Gratitude in a new light
I recently was party to an extraordinary event; an ordinary event that will live for me as a defining moment. I was one of the support people for a good friend whose dog was being euthanised. It certainly wasn’t top of my list for fun things to do on a Tuesday night… I wouldn’t blame you if you are thinking extraordinary and euthanasia don’t usually go together. Ordinarily, I would agree with you; ordinarily, they don’t! I learned a lot about life and death that day. These are the kind of lessons that you can’t get any other way other than to experience it. I am a fan of gratitude and I’m aware of the “magic” being grateful can have on me and those around me. By the end of the evening, I saw gratitude in a whole new light through a deeply humanising experience. Let me explain.
The process of letting go
Murray was a beautiful Belgian Shepherd that my friend has rescued 10 years earlier. She had looked high and low for a one and found him at a shelter and fell instantly in love with him. I am not a fan of dogs, being more of a cat person myself and yet Murray managed to work his way into my heart too. He had a way of singling me out when I was around and coming over and sitting on my feet to win me over. He had succumbed to an aggressive form of bone cancer and being an old dog the humane thing to do was to let him go. For starters, I figured that “letting him go” would take an hour, maybe a little longer. Boy, was I wrong! I had completely underestimated the process and I was about to learn a lot.
Just BE with the emotion of it
Firstly, Meghan made us all feel comfortable; especially Murray. He was no stranger to the West End Veterinary Practice, so he was not stressed being there, and yet he knew something was amiss. Meghan explained how he would have known very early in the piece that he was sick and that he was only really hanging on for his owner, Michelle. She explained how important it was for us to remain calm so that he could remain calm. Our ‘task’, for want of a better word, was to just BE with Murray while he passed. We would be the last thing he saw and what we felt he would feel. It is humbling to know you can have the profound an effect on another of God’s creatures, let alone a dear friend.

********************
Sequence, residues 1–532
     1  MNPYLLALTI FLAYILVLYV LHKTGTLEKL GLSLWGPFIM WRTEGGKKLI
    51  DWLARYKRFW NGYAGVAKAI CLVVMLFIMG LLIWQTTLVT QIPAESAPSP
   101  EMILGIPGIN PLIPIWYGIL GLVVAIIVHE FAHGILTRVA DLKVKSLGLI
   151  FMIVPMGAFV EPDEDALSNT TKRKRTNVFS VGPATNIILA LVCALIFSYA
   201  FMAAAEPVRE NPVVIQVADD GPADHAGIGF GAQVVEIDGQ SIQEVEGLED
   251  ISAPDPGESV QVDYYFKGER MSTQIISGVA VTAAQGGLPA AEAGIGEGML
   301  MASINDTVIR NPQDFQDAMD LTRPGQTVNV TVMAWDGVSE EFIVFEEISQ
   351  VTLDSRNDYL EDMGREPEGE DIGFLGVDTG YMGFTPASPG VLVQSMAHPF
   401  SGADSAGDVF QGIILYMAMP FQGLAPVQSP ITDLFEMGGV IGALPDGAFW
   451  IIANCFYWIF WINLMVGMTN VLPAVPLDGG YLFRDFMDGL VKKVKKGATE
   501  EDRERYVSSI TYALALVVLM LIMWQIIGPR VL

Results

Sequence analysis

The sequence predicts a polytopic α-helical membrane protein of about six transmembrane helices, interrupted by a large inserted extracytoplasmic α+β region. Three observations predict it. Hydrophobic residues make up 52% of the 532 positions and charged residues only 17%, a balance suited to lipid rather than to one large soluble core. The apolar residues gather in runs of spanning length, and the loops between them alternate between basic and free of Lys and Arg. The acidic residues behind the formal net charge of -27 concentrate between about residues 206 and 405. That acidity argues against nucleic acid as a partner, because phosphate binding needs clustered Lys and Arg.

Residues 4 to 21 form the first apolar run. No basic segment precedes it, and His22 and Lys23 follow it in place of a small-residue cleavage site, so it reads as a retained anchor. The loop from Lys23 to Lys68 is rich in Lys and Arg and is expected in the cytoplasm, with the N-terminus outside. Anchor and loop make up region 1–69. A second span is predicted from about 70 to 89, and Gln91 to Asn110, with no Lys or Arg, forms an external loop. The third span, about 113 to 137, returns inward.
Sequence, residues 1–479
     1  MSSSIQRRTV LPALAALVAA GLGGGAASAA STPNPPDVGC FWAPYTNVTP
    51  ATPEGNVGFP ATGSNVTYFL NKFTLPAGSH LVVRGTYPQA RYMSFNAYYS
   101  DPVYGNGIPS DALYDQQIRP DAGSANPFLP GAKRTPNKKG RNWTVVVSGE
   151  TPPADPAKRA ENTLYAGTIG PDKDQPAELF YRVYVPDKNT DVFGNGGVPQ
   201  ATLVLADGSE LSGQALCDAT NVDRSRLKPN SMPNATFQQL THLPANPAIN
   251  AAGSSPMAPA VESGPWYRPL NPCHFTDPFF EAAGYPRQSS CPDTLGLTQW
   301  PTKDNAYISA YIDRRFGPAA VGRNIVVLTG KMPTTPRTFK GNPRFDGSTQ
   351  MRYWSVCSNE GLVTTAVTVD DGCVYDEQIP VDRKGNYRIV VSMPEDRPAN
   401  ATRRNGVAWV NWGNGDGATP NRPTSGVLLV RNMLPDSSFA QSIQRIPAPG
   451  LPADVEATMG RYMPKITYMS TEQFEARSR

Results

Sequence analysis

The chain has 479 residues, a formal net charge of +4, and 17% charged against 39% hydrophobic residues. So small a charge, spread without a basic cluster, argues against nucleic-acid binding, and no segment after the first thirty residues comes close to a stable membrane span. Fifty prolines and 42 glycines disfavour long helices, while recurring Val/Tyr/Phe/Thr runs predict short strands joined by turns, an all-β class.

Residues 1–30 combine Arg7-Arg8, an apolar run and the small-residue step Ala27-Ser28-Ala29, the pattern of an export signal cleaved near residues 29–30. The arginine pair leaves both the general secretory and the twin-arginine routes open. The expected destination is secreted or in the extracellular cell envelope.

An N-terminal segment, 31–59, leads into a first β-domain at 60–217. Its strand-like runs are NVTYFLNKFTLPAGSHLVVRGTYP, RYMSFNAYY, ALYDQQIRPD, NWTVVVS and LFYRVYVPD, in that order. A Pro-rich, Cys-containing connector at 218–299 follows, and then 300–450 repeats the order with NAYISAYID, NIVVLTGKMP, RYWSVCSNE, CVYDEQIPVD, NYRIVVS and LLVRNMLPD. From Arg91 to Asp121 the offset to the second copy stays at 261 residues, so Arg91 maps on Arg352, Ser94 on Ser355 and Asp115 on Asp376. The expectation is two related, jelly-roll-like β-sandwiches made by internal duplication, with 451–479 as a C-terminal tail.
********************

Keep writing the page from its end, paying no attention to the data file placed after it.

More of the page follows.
Windows to the soul
The eyes are the windows to the soul; you’ve probably heard that. We were told if you looked into his eyes at the moment of his passing, you would see him pass. That wasn’t for me to do. I was sitting in the background, supporting my friend and just being with the raw emotion of it all. Meghan let another pearl of wisdom slip. Most people will leave the room when someone is upset. In this instance, “someone” was either my friend or Murray. I long ago learned that when you cannot be with the emotion of someone else, you make it about you. This was not about me. This was about Michelle and her beloved Murray. To leave the room would have dishonoured them both. And, it took something to stay; to be with the emotion, with the ebb and flow of it.
Dogs are highly empathetic animals and he would sense our stress if we allowed our focus to go there. We were also told of the procedure and how it was going to take up to an hour as the saline solution was passed into his bloodstream before the drug was administered to him. Murray had endeared himself to Meghan as well and so we listened to stories about how wonderful a dog he was and how much joy he had brought into all our lives as a result. So much time and so much care put into the process. Meanwhile, we were vacillating between laughing and crying. So many emotions and none of us sure which one was coming next. There was nothing to fix, nothing that could be done. All we could do was BE there.
Honour the memory
Here is the gold in this. It would be easy, Meghan said, to have his death be the defining moment of his life. It would be easy to recall his last moments every time we thought of Murray. To do so, would dishonour his memory. She directed us instead to bring forward the feeling of gratitude and be grateful for the memories and the good times. The idea is a simple one: Every time we think of his death and how sad we were about it we had to remember three things to be grateful for and put our focus on those positive experiences. In this way, we honoured the memory and could be happy when we think of him.
Choose your focus
Of course, this applies to everyone and everything. How often do we allow the negative to overshadow the positive? We are wired to notice the negative more than the positive. It is why the news is full of negative stuff.
Negative stuff gets attention.
It takes a deliberate and concerted effort to put our focus elsewhere and use our attention proactively and to honour our intentions. I learned a long time ago that it is difficult to be with someone else’s pain and when you can just BE with it, you don’t make it about you. It’s somehow easier to deal with. I can only hope that my passing is honoured with such reverence. Murray, you are missed. R.I.P.